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Friday, April 15, 2011

Debunking meaningless statistics about higher education spending

A few months back Dr. Elliot Parker, a University of Nevada Reno economics professor penned an article in the Nevada Appeal arguing that his university can't stand another budget cut. One of the statistics he sites is "state general fund spending on higher education as a percentage of Gross State Product" (GSP). He finds that Nevada System of Higher Education's general fund appropriation is a mere 0.6 percent of GSP.

I meant to write an article at the time to correct some of Dr. Parker's gross exaggerations about the magnitude of the budget cut and point out his GSP statistic is meaningless. Now Dr. Parker's column is popping back up on Facebook and on the Save Our Schools blog.

Now it's time to dispatch this meaningless statistic once and for all.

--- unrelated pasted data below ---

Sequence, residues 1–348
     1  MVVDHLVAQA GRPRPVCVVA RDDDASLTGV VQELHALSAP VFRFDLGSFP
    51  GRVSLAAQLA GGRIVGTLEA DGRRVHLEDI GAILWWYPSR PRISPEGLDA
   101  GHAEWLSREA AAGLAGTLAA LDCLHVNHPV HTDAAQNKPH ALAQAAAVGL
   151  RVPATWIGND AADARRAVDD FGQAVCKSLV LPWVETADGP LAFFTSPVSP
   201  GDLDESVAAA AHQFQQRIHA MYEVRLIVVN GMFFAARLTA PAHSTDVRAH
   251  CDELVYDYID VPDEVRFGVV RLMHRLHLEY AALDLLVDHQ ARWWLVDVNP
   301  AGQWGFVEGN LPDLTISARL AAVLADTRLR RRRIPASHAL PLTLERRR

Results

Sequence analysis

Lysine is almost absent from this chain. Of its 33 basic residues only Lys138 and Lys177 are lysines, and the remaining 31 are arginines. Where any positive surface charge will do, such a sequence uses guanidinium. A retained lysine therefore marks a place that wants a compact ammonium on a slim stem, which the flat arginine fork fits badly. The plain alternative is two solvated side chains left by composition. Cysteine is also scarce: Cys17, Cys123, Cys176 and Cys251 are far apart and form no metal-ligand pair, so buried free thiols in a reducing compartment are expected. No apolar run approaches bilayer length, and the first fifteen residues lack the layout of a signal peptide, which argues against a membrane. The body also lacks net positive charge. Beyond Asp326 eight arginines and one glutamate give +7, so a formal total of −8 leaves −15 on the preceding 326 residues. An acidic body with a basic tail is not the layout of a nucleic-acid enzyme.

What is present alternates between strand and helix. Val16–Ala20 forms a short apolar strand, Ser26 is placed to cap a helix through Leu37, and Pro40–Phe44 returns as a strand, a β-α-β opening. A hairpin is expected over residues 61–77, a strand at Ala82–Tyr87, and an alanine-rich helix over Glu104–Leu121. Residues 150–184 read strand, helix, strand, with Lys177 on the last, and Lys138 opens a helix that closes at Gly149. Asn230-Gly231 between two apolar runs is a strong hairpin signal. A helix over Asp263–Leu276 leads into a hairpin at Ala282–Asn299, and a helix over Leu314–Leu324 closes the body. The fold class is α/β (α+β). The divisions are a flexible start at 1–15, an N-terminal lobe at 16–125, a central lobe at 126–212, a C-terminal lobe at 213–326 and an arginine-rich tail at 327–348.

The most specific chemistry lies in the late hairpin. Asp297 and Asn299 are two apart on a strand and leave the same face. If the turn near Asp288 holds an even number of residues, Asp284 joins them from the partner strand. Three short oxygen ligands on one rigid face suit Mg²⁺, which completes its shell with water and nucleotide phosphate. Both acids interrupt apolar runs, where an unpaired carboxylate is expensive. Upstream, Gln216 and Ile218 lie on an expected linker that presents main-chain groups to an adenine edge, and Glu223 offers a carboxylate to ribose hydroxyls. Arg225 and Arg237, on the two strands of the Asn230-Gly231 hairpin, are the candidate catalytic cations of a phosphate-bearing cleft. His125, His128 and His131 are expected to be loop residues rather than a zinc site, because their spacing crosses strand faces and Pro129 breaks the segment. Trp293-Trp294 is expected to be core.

First, we must know what "General Fund appropriations to NSHE as a percentage of Gross State Product" really means. This is simply the state general fund spending on higher education as a percentage of the state's overall economy. Lets break this statistic down piece by piece.

GENERAL FUND appropriations are a portion, less than 1/3rd, of all revenues for the Nevada System of Higher Education. 

 Source: Regent Ron Knecht. Data comes from NSHE budgets.

  • Dr. Parker and many other university officials pretend that the other 2/3rds of revenue are tied down  and can't be used for anything but their intended purpose. This is not entirely true, in fact, wisely using the resources from the other 2/3rds means you don't have to spend from the general fund to support them.
  • Think about this for a moment. Parker et. al. complain that if you cut from 1/3rd of the budget they won't be able to fund the other parts of the budget either. In other words, they're divorcing 2/3rds of the budget when it is to their advantage, but include the other 2/3rds if they can make it sound like the budget cuts will harm those programs too. Pure information manipulation.